When the real world is seemingly crawling with monsters, why do some of Hollywood’s biggest players – Tom Cruise and Russell Crowe – want to resurrect monsters at the movies?
Maria Lewis

25 May 2017 - 4:44 PM  UPDATED 25 May 2017 - 4:44 PM

Some 80 years before we had the Marvel Cinematic Universe, there was a much different, much creepier and much more complex shared cinematic universe playing out on the silver screen.

While the multiplexes right now are dominated by comic book heroes, back in the thirties and forties it was all about antiheroes.

Monsters were the big moneymaker, as well as the vessels for some of the most fascinating studies of humanity. Audiences flocked to see how the plight of the outcast would play out, embodied in iconic roles by actors like Boris Karloff (Frankenstein, The Mummy), Elsa Lanchester (Bride of Frankenstein), Lon Chaney (The Wolf Man) and Bela Lugosi (Dracula).

Those traditional Universal monster movies pointed the lens inward, and in 2017, a reboot of one of those classics aims to do just the same, with the added allure of Tom Cruise and Russell Crowe.

Combining their star power for the first time, Cruise and Crowe are the leading men of The Mummy; with the former playing a new spin on a classic character and the latter taking on the iconic role of Dr. Jekyll and Mr. Hyde.

It’s an interesting move for Cruise, who was last seen playing a movie monster in 1994’s Interview With A Vampire.  Back then, it was then a risky, against-type role for the world’s biggest movie star to take on, and twenty-three years later he’s eager to take on similar material.

“I love these movies,” he explains, with a simple shrug. “I love the classic Mummy monster movies, Dracula, The Wolf Man… but what could we do with the tone of something like this?”

“We needed to separate the difference between what horror is and what horror has become in [the] modern day."

As such, in a world of Donald Trump, offshore detention centers designed to torture those fleeing injustice, North Korea arming up, and bigots, sexists and racists seemingly more prevalent than ever, will the cinema-going public really want to spend time with movie monsters when there are already enough ghouls in the real world?

“I think that’s what the studio is thinking, yeah,” laughs Crowe, before snapping into a straight face as he seriously considers the question.

“It’s very difficult in this environment to work out where good begins and ends, and where bad begins and ends and what is truly the depth of evil.

“I think that is one of the exciting things about the movie, because it’s not so clear-cut.”

While contemporary tentpole blockbusters have become reliant on crisp goodie-versus-baddie templates, The Mummy is nothing if not bringing many shades of grey to a black and white market.

Even its eponymous monster – this time played by a woman in Sofia Boutella – isn’t as easy to root against as you’d expect an immortal, murderous mummy to be.

“She is complex,” says Boutella, whose Princess Ahmanet is a driven, devoted female leader with agency and ambition. While her tendency towards “visceral violence” may be a little less relatable to women than her other traits, she’s someone that – just like King Kong or Godzilla – audiences may find themselves secretly cheering for.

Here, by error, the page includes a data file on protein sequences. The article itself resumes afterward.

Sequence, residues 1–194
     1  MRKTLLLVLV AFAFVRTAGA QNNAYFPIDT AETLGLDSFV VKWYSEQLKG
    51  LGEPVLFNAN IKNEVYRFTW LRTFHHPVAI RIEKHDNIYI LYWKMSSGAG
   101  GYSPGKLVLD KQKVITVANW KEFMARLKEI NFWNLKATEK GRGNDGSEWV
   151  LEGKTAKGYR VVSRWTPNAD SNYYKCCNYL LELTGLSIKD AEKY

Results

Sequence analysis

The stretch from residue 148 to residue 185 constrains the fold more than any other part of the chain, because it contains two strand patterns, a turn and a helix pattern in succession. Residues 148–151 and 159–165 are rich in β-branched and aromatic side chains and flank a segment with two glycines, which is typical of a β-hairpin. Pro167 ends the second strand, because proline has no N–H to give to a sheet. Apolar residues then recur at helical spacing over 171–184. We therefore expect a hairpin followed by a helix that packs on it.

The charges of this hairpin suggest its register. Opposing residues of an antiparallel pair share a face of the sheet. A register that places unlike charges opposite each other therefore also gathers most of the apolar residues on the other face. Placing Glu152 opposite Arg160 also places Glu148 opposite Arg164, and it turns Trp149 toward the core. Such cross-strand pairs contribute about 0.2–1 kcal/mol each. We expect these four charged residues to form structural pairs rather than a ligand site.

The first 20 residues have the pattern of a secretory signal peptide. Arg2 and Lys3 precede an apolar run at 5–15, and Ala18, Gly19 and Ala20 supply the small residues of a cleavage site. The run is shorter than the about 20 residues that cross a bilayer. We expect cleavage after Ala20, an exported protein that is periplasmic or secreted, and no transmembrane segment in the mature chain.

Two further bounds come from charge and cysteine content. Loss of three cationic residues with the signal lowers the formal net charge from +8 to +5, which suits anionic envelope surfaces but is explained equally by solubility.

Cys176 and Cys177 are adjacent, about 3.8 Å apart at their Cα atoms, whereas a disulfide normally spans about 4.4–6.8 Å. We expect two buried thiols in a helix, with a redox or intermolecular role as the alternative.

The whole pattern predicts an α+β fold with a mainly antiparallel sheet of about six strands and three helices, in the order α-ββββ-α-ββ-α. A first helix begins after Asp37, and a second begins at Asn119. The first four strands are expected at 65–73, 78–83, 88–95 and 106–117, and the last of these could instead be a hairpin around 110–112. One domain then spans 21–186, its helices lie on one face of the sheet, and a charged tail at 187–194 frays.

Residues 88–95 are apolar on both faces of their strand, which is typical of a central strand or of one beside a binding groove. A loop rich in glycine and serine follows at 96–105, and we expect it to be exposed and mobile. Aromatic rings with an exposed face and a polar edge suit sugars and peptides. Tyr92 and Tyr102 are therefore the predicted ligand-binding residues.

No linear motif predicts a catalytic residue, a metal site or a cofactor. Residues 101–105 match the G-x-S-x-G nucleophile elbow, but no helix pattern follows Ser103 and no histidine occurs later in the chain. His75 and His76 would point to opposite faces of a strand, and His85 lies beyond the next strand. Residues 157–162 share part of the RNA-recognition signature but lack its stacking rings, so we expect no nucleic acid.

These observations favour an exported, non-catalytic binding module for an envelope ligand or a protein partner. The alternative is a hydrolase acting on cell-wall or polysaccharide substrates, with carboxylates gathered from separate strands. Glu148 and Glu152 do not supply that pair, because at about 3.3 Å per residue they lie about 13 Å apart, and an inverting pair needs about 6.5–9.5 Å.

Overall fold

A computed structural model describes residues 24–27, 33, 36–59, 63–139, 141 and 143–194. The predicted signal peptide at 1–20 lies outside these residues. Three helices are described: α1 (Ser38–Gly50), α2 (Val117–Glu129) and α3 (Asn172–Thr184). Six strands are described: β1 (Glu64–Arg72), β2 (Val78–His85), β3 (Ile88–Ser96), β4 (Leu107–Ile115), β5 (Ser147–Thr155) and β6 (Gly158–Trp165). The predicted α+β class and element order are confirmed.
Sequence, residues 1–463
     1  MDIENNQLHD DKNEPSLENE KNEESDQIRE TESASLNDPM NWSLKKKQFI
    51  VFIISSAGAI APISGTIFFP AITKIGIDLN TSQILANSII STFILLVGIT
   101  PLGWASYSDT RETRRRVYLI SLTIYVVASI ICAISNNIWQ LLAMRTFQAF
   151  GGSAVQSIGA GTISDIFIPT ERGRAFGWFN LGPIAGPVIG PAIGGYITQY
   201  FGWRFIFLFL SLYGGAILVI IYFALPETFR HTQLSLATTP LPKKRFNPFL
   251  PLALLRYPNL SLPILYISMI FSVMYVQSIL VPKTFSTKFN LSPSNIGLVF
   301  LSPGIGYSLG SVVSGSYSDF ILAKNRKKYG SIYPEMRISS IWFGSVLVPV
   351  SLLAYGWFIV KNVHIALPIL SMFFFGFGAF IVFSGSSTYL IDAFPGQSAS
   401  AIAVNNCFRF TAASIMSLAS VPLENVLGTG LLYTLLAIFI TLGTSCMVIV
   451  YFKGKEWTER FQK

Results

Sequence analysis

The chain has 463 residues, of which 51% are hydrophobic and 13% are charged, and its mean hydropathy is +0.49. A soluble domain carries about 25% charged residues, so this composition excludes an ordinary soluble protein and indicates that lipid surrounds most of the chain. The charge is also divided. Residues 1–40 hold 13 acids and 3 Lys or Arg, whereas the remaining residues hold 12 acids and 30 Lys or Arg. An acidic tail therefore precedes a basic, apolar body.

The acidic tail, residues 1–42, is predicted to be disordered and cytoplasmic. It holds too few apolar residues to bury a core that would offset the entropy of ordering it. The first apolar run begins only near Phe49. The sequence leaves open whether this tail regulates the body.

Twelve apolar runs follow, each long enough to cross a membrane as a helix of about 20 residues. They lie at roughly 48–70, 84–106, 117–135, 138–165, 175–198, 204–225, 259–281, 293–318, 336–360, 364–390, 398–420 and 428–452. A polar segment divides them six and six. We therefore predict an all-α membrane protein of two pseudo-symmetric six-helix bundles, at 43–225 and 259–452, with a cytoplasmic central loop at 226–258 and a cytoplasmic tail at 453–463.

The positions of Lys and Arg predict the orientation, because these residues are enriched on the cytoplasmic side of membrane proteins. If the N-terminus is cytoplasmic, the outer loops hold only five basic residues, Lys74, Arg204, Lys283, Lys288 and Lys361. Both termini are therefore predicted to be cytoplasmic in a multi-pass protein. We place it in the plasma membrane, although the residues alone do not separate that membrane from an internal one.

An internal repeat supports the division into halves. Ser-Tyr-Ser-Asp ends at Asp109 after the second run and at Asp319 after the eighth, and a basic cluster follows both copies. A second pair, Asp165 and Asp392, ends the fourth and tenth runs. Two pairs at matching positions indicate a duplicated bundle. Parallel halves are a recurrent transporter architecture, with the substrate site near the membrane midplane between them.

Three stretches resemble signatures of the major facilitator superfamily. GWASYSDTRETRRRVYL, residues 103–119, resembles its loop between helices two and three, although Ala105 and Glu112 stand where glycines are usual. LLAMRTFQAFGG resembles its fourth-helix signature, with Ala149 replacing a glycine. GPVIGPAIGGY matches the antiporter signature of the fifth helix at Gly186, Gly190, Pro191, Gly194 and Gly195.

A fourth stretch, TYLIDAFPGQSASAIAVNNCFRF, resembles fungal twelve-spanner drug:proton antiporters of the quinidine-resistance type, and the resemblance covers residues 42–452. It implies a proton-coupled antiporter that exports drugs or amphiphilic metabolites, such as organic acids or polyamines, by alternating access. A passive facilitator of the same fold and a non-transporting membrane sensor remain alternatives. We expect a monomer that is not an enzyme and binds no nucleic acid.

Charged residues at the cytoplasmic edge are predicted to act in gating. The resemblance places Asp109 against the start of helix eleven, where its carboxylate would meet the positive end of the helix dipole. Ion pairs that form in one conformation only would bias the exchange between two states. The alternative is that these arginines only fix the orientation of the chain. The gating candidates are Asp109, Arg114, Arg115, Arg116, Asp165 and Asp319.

Given that he has spent a career crafting complicated women in characters such as Xena, Alias’ Sydney Bristow and Star Trek's Uhura, it’s not surprising that director and producer Alex Kurtzman wasn’t interested in doing The Mummy unless the iconic movie monster could be gender bent.

“I think it was the only reason to make the movie, honestly,” he says, just days after the announcement that Universal’s next big monster movie will be Bride Of Frankenstein in 2019.

“In the early drafts I had explored making the mummy a man and it just didn’t feel different enough. That’s not a reason to make the movie.

“There was a voice in my head saying ‘make it a woman, make it a woman’ and when I listened to that voice a whole avenue of story opened up.

“I felt that we were telling a different story that was extremely topical even though it took place 5000 years ago.”

As Boutella puts it: “there simply needs to be more female monsters out there”.

For Crowe, it’s more than just the fact that “traditionally people love getting the bejeezus scared out of them” – it’s a rare opportunity to say something new with very old characters.

He’s also on board with what Universal are dubbing their “Dark Universe”: a series of interconnected films based on those original monster movie classics, with Crowe and Cruise reprising their Mummy roles, Boutella as Princess Ahmanet, Javier Bardem as Frankenstein’s Creature, and – rumour has it – Angelina Jolie as the Bride Of Frankenstein herself.

While the original Universal monster movies were first released in the aftermath of WW1 and continued being made through WWII, with the monsters themselves often being less monstrous than their human counterparts, it’s a legacy likely to continue in the 21st century. It’s somewhat of a dream (or nightmare, rather) for Kurtzman, who will act as the puppet master of this new run of movies.  

In his own words: “I think all those movies acted as interesting metaphors and reflected things about the times during which they were made.”

The question is, are audiences ready to look into the abyss and have the abyss look back?

The Mummy opens in cinemas worldwide on June 8.

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